Universities are teaching entrepreneurship.... Surprised?
You shouldn't be. In this great country, acquiring and employing learned skills has been the foundation of success for people, places and things.
I have been an entrepreneur and educator for over forty years. Friends ask whether entrepreneurship can actually be taught. My answer is: absolutely. You see, too many times, we tend to worry about the wrong thing. With entrepreneurship, too much worry is about the 'fire in the belly' thing. I can give example after example where a 'fire in the belly' was not responsible for an entrepreneurial failure. The root cause of failure was more likely something like complicated banking relations or inappropriate financing, unattended human resource problems or the incorrect pricing of goods and services.
Here at the University of Dayton, we firmly believe in teaching the fundamentals of entrepreneurship, using unique ways of investigating existing business disciplines. Our nationally ranked School of Business entrepreneurship program gives our students the opportunity to examine, understand and implement most elements of entrepreneurial success. In fact, each of our undergraduate entrepreneurship majors have actually planned, started and harvested a for-profit company. I promise our distinctive entrepreneurship graduates will have the irreplaceable combination of judgment, enthusiasm and skills necessary to create a new venture, from idea generation through launch and sustained growth, whether it be within the boundaries of a large corporation or the four walls of a rented garage.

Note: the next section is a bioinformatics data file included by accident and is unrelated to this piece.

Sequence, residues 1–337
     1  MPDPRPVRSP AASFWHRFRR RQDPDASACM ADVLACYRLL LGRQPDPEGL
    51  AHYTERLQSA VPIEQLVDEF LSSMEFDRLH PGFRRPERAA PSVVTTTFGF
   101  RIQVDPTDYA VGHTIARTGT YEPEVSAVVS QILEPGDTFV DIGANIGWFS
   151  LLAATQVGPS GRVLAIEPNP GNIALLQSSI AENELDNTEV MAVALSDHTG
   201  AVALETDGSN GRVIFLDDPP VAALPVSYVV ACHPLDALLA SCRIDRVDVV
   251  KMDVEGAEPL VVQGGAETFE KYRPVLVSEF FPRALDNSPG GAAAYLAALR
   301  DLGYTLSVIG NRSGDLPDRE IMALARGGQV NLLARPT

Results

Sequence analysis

Our current business climate presents significant business opportunities. Small businesses, growing into larger entities, will continually fuel our economy. For some, attaining skills for the pursuit of entrepreneurship is a notable step for a life of excitement, fulfillment and financial reward.
Robert F. Chelle